There has been some attempts at accountability following the damning Tivoli Report that highlighted extra judicial killings by the security forces, especially the police, during the May 2010 incursion into Tivoli Gardens, a known JLP enclave. It is widely believed that 69 to 76 mainly unarmed citizens in Tivoli Gardens were killed during that bloody operation.
One such initiative has been the launch of a pilot project involving the wearing of 120 body worn cameras by front line officers in crime invested sections of the country.
Jamaicans For Justice
Jamaicans For Justice (JFJ), a local human rights watchdog, has welcomed the launch of the body cameras. The group feels these body worn cameras will provide “accountability and transparency” in Police dealings with the public. JFJ has warned the leadership of the force to exact harsh penalties out to those who choose to tamper with the devices.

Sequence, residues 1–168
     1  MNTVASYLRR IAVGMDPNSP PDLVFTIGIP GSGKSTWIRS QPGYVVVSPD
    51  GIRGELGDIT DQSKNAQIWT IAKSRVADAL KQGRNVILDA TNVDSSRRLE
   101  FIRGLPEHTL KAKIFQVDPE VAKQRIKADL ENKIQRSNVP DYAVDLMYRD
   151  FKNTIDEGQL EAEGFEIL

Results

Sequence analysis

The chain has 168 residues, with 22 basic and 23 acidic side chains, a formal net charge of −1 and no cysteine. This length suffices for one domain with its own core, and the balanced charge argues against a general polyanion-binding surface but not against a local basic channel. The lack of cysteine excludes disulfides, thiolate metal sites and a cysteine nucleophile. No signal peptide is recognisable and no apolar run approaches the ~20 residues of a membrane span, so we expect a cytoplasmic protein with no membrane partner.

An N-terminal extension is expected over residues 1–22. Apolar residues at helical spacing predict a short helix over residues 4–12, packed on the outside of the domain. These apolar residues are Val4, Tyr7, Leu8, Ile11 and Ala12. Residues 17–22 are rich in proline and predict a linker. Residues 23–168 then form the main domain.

Terrence Williams, INDECOM’s Commissioner has welcomed the introduction of the body worn cameras. Any tool that helps INDECOM to get to the “truth” so and to better justice will be welcomed.
There are concerns as to the integrity of the information gathered. For example a source in Toronto, Canada advised that officers there have damaged body worn cameras and claim it happened in a tussle with suspects or during an eventful arrest or foot chase. They are suspected of manufacturing all types of reasons which have rendered the cameras as inoperative. How do you win with shady characters who are supposed to be upright. These cameras can help to protect the officer’s integrity, should a lie is being concocted against them … it can be a two edged sword. Think about it … another side of the story.
We will have to wait and see.
Hopeton O’Connor-Dennie is Senior International Correspondent& Photojournalist for Vision Newspaper Canada.